Category Archives: Europe

The birthplace of Western culture in particular ancient Greece, Europe is the second-smallest continent by surface area. It borders the Arctic Ocean to the north, the Atlantic Ocean to the west, and the Mediterranean Sea to the south. Europe is the third most populous continent after Asia and Africa.

Italy: How Location Affects Mental Health

Sardinia_slide
Depression among the elderly is very common and can cause suicidal thoughts. People think that having depression is part of growing old and a disease that needs to be lived with. However, depression can be treated. There are many factors that can cause depression such as losing a lifelong partner and seeing their own children grow up. These life situations can result in many elderly people feeling useless and asking themselves: What else is there to live for? Is death the only thing to wait for?

In Italy, researchers have found out that a certain factor contributes to depression among the elderly more than gender, marital status, age, or lifestyle choices. This factor is that the elderly who live on the island of Sardinia are less depressed than Italian elderly from anywhere else in the country. Does it really make a difference where you live? Yes, it does. In the field of Public Health, we know that availability and infrastructure of health care services as well as social and recreational services are important for the peoples’ well-being. Elderly from Sardinia have health care services nearby to get treatment and preventive services they need. In addition, they are more physically active and more socially and culturally engaged, which increases their self-esteem and mental health.

What can Italy and other countries worldwide take away from this study? I believe that offering cultural, social, and recreational events for the elderly can improve their mental health. In addition, improving health care services in cities as well as in rural areas can not only prevent many mental and physical illnesses, but also give the elderly the treatments needed to live a longer independent life.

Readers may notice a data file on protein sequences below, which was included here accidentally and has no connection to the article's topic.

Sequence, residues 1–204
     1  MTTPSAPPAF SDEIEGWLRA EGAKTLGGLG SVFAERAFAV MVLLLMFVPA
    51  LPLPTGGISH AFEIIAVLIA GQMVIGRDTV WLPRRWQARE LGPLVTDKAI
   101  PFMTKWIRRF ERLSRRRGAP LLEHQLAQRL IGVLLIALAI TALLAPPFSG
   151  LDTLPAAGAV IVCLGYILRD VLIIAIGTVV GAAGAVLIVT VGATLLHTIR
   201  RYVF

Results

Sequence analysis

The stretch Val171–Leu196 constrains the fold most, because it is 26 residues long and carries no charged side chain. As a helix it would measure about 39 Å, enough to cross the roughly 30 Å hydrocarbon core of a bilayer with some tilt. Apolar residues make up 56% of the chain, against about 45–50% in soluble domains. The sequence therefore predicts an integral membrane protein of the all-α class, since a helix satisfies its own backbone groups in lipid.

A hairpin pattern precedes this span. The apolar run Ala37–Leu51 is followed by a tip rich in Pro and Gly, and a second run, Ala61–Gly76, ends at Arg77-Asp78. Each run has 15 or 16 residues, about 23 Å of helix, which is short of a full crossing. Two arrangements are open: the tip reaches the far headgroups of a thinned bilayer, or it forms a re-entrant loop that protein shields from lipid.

Martina Lesperance is a Health Educator and Screening Technician in El Paso, Texas.

Sweden: A Role Model for Elderly Care

Elderly
As mentioned in previous blog entries, worldwide, countries are facing challenges due to aging. By 2050, the elderly will outnumber children under the age of 15, mostly in developing countries. So, reforms for more cost-effective health care systems for elderly’s long-term care are becoming more and more important. Sweden is known for its universal and comprehensive social and health care programs. Most care is funded by citizen’s taxes. In fact, Sweden allocates 3.6% of its GDP on long-term care and also provides the highest number of health care workers for the elderly over the age of 65. As a result, it is not surprising that in 2013, Sweden was ranked first for treatment of elderly in a United Nations (UN) supported global study, The Global AgeWatch Index (BBC).

Sweden is one of the nations that established reforms which focus on and encourage high quality long-term care for elderly in institutions as well as in home care. In Sweden, municipalities are responsible for elderly care and provide funding for in home assistance as well as manage the needs of accessible housing. 94% of the elderly over the age of 65 live at home and are given the opportunity to live an independent life, even if someone is in need of supported assistance. If an older person needs assistance from a health care worker, he or she can apply for this assistance. In addition, most regions offer ready-cooked meals which are even delivered to the elderly’s home.

Sweden’s approach of taking care of the elderly in their own home is unique and allows them to keep their independence. In addition, their families are at ease knowing that their loved ones are in good care. Is this a system that can be adopted by other countries? Who wouldn’t wish to live at home until the end of life? Don’t the elderly have a right to decide where they want to live? It is great to see that the Swedish local governments give them the option to either live at home or in accessible housing. The seniors contributed to their communities all their lives. They have worked, raised a family, and paid taxes, therefore securing care for their countrymen and women. They deserve to receive the same high quality of care. In addition to the care the elderly receive, health care workers are needed and appreciated. So it is a win-win situation for everybody: the elderly, their families, as well as all current and futures citizens of Sweden.

Martina Lesperance is a Health Educator and Screening Technician in El Paso, Texas.